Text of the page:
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Thread: Why every statue should come down

  1. #11
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    Quote Originally Posted by iris lilies View Post
    Yes it is public art. That’s what the Victorians liked. Just because these Victorian statues are more recent than the David statue doesn’t make them any less Art. They may be less important art, but they are still Art with a capital A.
    Being art, is subject to interpretation, IMHO. To me statues are just big pieces of concrete/marble/bronze, etc, that are a memorial to an idea of someone that meant something to them, but to me, are just places for pigeons to sit (or spelled a bit different).
    They are much a remembrance of time in the same way their subject matter is a remembrance of time.

    Being British equestrian statues, I would not be surprised to see someone saying Camilla Parker Bowles could have been placed under the queen mother.

  2. #12
    Senior Member razz's Avatar
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    Harriet Hosmer is an artist and an amazing individual. Thanks for sharing that.

    I saw a bronze statue https://www.dreamstime.com/royalty-f...-image32508966 of Don Quixote on a horse accompanied by Sancho Panza in Madrid. The emotions
    that all the figures conveyed were quite amazing. There was no person commemorated as much an image of the imagination. That is art to me.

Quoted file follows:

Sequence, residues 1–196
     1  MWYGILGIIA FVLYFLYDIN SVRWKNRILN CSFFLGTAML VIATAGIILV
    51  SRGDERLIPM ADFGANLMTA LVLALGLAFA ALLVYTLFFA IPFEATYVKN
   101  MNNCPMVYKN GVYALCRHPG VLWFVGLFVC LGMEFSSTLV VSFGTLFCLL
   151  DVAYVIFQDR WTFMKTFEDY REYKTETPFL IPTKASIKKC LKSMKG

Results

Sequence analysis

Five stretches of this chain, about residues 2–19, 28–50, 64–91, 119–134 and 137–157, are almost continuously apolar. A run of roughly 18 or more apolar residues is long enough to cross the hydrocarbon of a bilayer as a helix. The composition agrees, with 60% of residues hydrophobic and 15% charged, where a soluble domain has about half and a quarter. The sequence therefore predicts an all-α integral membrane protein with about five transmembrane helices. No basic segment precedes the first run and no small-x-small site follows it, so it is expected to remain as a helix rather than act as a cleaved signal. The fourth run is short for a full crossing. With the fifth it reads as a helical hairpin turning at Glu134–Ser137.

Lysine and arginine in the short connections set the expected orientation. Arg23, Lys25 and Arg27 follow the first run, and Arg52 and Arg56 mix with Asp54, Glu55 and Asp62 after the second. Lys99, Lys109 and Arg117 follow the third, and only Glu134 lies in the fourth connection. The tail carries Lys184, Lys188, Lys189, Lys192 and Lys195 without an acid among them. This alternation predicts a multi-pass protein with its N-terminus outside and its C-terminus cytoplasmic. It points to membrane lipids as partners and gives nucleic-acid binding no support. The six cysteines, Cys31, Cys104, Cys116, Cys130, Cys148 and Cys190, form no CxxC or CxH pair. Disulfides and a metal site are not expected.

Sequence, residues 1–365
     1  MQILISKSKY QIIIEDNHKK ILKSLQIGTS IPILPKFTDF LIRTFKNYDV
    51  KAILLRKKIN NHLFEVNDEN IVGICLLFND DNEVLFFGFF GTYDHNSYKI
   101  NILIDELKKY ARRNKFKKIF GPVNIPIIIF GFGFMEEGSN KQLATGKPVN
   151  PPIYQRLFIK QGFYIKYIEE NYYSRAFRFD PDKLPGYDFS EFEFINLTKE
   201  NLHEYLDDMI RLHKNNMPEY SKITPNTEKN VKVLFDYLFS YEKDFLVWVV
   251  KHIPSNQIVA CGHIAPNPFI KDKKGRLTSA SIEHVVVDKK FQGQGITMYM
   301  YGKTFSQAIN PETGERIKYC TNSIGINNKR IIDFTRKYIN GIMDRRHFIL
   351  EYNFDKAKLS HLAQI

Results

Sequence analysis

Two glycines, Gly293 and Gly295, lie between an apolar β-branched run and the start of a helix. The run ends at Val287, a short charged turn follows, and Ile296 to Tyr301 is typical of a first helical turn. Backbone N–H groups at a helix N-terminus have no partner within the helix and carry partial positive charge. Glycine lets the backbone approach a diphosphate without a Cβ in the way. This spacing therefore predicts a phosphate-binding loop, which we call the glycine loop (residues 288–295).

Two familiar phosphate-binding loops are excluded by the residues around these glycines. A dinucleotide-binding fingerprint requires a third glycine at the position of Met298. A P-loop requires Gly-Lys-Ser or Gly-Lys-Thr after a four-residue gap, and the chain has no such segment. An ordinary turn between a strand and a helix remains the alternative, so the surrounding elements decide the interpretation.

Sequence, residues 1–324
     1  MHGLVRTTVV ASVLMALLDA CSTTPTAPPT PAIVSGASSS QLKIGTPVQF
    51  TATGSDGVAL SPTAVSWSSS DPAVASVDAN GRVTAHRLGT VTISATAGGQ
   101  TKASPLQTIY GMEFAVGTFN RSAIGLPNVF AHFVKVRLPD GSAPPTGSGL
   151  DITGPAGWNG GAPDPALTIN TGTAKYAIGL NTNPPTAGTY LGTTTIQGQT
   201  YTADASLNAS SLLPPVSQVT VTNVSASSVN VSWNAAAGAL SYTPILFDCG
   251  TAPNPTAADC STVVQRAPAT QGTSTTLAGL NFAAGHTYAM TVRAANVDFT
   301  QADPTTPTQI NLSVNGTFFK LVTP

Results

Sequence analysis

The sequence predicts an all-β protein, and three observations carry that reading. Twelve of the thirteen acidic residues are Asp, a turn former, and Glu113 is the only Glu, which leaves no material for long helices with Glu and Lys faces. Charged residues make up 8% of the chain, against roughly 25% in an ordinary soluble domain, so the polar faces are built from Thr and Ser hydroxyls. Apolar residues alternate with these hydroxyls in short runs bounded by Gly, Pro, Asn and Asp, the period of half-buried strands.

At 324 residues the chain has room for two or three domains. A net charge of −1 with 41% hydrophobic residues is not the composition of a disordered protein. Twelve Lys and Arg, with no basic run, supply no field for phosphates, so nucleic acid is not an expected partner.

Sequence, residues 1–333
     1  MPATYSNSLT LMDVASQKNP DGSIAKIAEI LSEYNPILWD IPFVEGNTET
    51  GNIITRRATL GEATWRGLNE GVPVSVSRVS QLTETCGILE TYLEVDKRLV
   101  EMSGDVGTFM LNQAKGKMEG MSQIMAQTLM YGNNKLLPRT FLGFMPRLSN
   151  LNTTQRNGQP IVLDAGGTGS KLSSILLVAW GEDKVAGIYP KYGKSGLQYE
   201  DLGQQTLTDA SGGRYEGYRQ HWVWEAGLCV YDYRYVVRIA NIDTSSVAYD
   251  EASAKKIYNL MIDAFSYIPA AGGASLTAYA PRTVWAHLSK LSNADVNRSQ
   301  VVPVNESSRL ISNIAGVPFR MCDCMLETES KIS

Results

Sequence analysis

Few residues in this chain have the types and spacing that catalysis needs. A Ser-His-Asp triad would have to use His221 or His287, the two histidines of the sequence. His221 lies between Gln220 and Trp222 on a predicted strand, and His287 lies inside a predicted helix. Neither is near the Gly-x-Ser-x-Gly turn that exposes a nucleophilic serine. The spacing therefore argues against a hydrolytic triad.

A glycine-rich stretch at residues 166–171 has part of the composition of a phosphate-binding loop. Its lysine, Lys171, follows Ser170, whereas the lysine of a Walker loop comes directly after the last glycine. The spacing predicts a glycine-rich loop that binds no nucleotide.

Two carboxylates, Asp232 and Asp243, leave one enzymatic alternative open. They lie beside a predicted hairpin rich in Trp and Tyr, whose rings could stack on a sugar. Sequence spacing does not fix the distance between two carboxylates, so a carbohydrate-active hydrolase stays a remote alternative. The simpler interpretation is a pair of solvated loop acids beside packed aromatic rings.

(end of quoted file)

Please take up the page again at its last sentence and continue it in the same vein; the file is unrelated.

That is why I have a hard time with removing all statues. Some are just ego trips, some are extraordinary works and some do just support pigeons. I don't agree with throwing the 'baby out with the bath water' so would struggle with decisions made to remove all statues.
    As Cicero said, “Gratitude is not only the greatest of virtues, but the parent of all the others.”

  3. #13
    Senior Member iris lilies's Avatar
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    The first thing our city’s first female mayor did, about 4 years ago, was to put to bed the conflict about a monument in our biggest city park. The mo I ent was erected by the daughters of men who died fighting for the South in our War between the States (American Civil War.).

    I personally didn’t care if the monuments stayed or went, but because it was a continuing issue of contention, I was glad to see it go. My main concern in its disposal was where is it going? Will it be preserved? And yes, it went to the organization that handles war artifacts it is museum. , I don’t think it will be assembled for quite a while if ever in my lifetime, but at least the pieces are all in one place. And if someone wants to donate a ton of money to put it together in a permanent place, they can do that.

  4. #14
    Senior Member gimmethesimplelife's Avatar
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    On this one I tend to pull out a rare conservative card. I believe it's in society's best interest to leave statues standing - no matter how repulsive one finds the one commemerated. If Auschwitz can remain standing as a warning of how dark human nature can be - statues in the US can stand, too. It's not like bulldozing them will rewrite history. Rob